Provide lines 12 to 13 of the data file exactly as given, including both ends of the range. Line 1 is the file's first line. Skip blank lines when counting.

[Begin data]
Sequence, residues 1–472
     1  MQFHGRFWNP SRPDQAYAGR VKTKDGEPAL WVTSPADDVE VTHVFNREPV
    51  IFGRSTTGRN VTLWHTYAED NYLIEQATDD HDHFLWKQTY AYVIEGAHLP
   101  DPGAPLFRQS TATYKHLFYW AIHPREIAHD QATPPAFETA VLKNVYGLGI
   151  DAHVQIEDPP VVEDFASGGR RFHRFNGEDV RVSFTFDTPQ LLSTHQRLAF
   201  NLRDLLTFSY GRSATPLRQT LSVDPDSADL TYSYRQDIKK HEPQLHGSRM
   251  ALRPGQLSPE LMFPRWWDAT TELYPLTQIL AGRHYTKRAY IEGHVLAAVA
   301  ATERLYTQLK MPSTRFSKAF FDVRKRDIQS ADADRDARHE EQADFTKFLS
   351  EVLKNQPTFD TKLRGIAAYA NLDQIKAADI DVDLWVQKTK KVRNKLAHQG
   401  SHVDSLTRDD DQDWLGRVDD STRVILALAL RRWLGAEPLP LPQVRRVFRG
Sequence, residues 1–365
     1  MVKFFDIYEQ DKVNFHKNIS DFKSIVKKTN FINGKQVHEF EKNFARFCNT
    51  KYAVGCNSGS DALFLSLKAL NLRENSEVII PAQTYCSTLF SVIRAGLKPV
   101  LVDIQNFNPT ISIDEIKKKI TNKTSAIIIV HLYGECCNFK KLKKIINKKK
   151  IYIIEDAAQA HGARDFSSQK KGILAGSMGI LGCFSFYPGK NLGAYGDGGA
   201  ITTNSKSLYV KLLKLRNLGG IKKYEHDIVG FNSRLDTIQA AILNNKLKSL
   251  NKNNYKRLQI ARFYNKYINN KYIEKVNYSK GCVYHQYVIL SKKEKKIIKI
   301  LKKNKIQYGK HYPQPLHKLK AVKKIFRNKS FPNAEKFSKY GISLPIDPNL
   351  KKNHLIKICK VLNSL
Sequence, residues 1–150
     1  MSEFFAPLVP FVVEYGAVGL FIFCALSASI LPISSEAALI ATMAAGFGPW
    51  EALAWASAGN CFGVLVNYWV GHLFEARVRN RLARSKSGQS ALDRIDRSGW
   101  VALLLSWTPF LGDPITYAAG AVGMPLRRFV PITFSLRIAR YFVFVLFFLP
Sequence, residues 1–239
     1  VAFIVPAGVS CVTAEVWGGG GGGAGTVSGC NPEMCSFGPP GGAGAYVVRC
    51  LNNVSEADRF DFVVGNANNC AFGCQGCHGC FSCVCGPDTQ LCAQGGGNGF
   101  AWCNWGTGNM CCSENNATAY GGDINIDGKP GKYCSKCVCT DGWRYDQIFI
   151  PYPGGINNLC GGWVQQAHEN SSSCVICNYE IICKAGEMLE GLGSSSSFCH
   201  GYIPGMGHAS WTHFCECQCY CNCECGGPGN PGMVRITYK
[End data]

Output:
     1  MVKFFDIYEQ DKVNFHKNIS DFKSIVKKTN FINGKQVHEF EKNFARFCNT
    51  KYAVGCNSGS DALFLSLKAL NLRENSEVII PAQTYCSTLF SVIRAGLKPV